Cooking on the Go
By Janet Groene, F47166
Whether you munch while traveling or pull over for a quick bite at a roadside rest stop, these snacks fill the bill for easy preparation and delicious eating.
These snacks can be made in the coach or whipped up ahead of time at home. Keep them in tightly sealed containers so they stay crisp.
8-ounce package shredded Cheddar cheese
2 sticks butter or regular margarine (not soft or liquid)
2 cups flour
1/2-teaspoon cayenne pepper (optional)
2 cups crispy rice cereal
Let the cheese and butter come to room temperature and mix them together in a bowl. Stir in the flour, salt, and cayenne pepper, then add the cereal and mix until everything is evenly blended. Scoop into walnut-size balls and place each on an ungreased baking sheet two inches apart. Crisscross the top of each ball with a fork to partially flatten. Bake at 350 degrees for approximately 15 minutes or until set and lightly brown on the edges. Cool, then store. This recipe makes approximately 48 pieces. They can be served with apples for a meal on the go, as cocktail nibbles, or with hot cider as a bedtime snack.
8-ounce can whole water chestnuts
1 pound sliced bacon
2 tablespoons soy sauce
2 tablespoons ketchup
2 tablespoons jelly or marmalade
Drain the water chestnuts. Cut each slice of bacon in half and wrap it loosely around a chestnut, securing it with a toothpick. Bake at 425 degrees until the bacon has shrunk around the water chestnut and is crisp. Drain on paper towels. Combine the soy sauce, ketchup, and jelly in a small container and microwave on high, stirring every 30 seconds until the sauce is well mixed. Arrange the water chestnuts on a serving dish and drizzle with the sauce. Note: these appetizers can be cooked ahead of time, then warmed again in the microwave and drizzled with the sauce before serving.
6-ounce can orange juice concentrate, thawed
3-3/4-ounce package instant vanilla pudding, regular or sugar-free
1 cup milk
1/4-cup vanilla yogurt
Whisk all ingredients together and chill. Use as a low-calorie dip for apple wedges, pineapple chunks, sesame seed breadsticks, celery, or carrots.
2 cups cooked shrimp (fresh or canned)
Juice of 2 large lemons
2 sticks butter, at room temperature
1 tablespoon plus 1 teaspoon dried dill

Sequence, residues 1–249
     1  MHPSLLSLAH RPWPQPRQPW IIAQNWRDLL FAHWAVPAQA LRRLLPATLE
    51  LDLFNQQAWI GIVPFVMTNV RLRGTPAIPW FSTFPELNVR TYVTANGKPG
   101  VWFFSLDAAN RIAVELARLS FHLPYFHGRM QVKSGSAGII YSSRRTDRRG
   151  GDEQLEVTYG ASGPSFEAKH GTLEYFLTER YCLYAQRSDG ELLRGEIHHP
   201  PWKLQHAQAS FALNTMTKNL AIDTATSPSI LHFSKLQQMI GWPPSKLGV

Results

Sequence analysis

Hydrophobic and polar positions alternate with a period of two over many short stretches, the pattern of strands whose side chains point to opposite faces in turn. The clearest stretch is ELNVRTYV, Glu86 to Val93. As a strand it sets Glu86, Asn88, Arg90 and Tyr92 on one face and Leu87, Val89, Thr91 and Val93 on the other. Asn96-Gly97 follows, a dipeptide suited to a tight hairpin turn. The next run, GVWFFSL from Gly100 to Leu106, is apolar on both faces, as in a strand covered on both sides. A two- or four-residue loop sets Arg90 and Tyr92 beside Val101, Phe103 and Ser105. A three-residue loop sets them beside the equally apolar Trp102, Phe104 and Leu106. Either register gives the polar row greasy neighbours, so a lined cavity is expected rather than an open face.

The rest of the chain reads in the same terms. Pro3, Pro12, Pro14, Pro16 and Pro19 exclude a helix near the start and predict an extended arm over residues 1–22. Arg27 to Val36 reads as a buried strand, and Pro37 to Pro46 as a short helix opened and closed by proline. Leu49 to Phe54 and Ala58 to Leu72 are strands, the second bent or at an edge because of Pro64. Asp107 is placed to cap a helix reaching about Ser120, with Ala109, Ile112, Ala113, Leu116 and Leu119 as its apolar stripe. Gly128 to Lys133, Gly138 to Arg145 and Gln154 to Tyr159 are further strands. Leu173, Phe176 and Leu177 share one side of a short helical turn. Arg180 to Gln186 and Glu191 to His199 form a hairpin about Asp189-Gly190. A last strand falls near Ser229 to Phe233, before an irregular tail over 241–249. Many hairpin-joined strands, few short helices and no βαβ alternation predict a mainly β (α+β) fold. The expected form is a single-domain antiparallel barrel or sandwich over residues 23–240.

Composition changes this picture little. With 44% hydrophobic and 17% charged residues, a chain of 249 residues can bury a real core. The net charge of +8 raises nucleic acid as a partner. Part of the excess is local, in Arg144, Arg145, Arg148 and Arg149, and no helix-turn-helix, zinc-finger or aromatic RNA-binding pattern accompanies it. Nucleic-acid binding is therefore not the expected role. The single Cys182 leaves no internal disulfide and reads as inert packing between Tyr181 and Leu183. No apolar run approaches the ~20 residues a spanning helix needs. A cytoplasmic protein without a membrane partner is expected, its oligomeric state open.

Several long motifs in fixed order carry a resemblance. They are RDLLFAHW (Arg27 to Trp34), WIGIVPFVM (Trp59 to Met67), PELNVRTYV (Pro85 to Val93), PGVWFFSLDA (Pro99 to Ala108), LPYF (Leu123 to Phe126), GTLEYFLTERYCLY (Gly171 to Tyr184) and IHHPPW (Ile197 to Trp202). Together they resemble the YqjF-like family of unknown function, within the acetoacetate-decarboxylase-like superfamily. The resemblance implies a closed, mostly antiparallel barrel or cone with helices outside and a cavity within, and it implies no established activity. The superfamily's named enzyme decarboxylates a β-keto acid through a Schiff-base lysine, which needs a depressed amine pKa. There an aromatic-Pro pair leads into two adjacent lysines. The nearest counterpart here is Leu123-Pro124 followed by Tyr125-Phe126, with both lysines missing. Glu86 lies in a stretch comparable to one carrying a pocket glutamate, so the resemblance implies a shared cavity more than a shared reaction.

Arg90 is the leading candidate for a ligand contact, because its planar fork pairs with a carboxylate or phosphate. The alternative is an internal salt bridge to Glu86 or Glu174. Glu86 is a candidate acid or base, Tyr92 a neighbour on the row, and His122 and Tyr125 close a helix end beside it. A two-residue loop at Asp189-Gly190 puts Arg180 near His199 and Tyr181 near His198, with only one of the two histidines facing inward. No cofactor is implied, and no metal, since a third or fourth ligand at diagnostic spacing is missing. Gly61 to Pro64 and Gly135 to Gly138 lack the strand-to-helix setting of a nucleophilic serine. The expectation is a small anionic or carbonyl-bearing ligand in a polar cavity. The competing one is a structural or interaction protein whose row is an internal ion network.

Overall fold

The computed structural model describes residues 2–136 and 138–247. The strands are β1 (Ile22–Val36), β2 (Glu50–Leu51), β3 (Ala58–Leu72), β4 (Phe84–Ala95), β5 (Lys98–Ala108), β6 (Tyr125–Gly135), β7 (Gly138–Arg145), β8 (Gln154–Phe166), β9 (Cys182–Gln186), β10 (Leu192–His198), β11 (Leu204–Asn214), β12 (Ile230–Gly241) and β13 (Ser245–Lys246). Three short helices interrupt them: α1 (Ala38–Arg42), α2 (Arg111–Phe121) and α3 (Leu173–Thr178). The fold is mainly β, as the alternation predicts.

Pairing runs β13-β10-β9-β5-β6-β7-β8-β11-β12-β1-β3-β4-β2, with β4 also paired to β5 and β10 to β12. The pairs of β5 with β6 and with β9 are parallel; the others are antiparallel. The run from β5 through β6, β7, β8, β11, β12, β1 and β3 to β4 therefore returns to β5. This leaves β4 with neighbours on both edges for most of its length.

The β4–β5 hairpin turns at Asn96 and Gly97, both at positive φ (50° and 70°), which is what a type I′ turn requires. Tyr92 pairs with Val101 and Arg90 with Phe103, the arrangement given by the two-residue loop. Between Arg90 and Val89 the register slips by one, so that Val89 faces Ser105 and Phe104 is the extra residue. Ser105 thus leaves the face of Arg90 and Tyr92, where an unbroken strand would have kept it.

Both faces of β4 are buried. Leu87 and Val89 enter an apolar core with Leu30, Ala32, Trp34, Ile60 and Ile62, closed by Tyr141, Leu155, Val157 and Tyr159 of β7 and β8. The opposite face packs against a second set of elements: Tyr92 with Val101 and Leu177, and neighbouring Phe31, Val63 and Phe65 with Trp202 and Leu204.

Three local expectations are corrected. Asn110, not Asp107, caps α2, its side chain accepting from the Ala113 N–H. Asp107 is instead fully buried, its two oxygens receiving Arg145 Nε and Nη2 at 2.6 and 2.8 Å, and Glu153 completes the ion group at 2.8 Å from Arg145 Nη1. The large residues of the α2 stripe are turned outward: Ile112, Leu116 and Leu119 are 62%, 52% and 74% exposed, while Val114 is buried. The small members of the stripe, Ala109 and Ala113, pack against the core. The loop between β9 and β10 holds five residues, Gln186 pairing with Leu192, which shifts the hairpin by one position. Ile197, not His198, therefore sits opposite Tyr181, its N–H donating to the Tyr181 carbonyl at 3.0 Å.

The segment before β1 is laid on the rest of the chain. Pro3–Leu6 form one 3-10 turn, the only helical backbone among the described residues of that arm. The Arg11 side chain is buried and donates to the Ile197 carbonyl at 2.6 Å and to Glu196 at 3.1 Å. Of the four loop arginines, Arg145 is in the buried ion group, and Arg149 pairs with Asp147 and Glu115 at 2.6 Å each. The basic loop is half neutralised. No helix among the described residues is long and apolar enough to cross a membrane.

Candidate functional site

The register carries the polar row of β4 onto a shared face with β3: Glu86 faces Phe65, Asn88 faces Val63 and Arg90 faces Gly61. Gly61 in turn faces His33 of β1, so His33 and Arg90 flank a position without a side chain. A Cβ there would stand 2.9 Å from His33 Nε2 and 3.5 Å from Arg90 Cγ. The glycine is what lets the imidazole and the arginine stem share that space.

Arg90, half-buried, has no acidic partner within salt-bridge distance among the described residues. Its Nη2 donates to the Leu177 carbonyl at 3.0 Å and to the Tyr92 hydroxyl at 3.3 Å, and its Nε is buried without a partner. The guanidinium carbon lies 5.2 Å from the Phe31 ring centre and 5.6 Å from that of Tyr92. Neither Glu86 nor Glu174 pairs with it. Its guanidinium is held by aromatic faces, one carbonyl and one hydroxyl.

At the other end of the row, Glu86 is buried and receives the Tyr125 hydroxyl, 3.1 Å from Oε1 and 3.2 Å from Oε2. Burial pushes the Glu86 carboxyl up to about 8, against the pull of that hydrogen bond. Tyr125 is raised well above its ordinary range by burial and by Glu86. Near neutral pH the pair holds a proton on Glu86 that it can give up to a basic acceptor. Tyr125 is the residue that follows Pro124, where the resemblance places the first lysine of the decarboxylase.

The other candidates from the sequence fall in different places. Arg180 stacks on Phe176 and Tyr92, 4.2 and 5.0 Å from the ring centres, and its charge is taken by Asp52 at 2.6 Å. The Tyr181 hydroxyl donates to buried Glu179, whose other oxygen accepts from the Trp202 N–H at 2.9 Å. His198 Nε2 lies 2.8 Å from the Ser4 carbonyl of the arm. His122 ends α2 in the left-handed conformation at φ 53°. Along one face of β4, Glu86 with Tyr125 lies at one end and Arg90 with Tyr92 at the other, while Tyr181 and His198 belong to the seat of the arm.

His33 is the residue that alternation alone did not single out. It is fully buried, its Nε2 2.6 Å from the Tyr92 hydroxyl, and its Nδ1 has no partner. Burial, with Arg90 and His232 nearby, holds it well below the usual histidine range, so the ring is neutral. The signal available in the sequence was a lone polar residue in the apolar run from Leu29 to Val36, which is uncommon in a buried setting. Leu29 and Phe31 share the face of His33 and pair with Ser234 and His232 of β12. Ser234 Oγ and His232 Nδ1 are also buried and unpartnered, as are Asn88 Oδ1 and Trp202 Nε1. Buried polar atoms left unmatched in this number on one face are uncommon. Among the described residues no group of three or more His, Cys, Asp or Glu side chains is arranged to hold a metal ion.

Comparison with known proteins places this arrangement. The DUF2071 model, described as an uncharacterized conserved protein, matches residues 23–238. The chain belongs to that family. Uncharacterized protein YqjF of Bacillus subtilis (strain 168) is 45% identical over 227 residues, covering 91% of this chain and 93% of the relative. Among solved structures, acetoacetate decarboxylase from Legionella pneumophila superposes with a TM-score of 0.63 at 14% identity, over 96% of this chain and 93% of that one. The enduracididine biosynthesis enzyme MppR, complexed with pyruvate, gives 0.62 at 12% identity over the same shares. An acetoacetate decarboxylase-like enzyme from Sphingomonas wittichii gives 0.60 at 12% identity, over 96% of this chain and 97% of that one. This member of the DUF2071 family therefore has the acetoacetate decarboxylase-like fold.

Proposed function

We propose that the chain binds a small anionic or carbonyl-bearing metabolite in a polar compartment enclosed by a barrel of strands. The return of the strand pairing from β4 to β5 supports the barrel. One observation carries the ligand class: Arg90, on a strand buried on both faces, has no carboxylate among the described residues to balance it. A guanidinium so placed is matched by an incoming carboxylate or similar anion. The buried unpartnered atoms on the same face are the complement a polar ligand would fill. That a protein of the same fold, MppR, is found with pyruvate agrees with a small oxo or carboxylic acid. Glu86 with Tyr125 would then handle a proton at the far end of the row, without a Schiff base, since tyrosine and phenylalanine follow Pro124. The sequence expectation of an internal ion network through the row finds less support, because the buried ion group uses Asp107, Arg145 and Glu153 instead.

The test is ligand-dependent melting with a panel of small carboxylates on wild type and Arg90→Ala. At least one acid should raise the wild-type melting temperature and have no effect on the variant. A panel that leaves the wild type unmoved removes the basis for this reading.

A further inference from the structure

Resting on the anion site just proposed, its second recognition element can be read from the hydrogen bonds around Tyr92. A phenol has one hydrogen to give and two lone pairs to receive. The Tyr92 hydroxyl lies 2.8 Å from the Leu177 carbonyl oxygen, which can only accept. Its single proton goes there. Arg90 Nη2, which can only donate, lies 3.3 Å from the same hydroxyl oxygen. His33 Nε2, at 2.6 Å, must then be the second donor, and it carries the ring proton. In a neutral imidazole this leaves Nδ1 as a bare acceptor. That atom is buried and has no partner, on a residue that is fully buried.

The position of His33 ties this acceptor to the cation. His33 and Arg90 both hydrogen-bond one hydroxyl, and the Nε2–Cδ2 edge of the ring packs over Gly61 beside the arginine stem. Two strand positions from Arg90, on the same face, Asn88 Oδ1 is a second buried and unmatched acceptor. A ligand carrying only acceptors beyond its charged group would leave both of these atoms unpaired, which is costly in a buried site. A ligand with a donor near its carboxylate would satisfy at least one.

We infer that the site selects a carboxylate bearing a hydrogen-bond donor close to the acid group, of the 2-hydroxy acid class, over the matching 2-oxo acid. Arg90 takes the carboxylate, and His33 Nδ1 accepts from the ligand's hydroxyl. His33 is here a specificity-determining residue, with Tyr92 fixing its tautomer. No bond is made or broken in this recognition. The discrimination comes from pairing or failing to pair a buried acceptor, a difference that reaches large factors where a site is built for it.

1 teaspoon anchovy paste
Freshly ground pepper to taste
Party rye for serving
Drain and chop the shrimp, then marinate it in lemon juice for an hour. Using a mixer or a wooden spoon, cream the butter with the dill and anchovy paste. Drain the shrimp well and carefully fold it into the butter mixture. Add salt and pepper to taste. Press the mixture into a crock or bowl, cover with plastic wrap, and refrigerate. Remove the crock from the refrigerator in enough time for the mixture to soften and become spreadable. Serve with bread or crackers as a snack or a light lunch.
Canned sardines are easy to keep on hand and can make nutritious snacks that are packed with calcium. This filling also can be used as a stuffing in Belgian endive leaves, halved cucumbers with the seeds scooped out, hollowed-out small zucchini, or on small latkes (potato pancakes).
2 cans sardines, well drained
2 hard-boiled eggs, mashed
1 tablespoon lemon juice
Mayonnaise to moisten
Celery or other vegetable
Using a food processor or a fork, mash together the sardines, eggs, and lemon juice, then mix in just enough mayonnaise to make a paste. Fill the pieces of celery or other vegetables with the mixture, or place a dollop on each small pancake and fold in half.
Fony Foie Gras
Put on airs without busting your budget. This realistic pate is made with liverwurst.
10-ounce tube liverwurst, such as braunschweiger, at room temperature
3-ounce package cream cheese
1/4-teaspoon garlic granules
2 to 3 tablespoons cognac, brandy, or, as a last resort, juice from canned black olives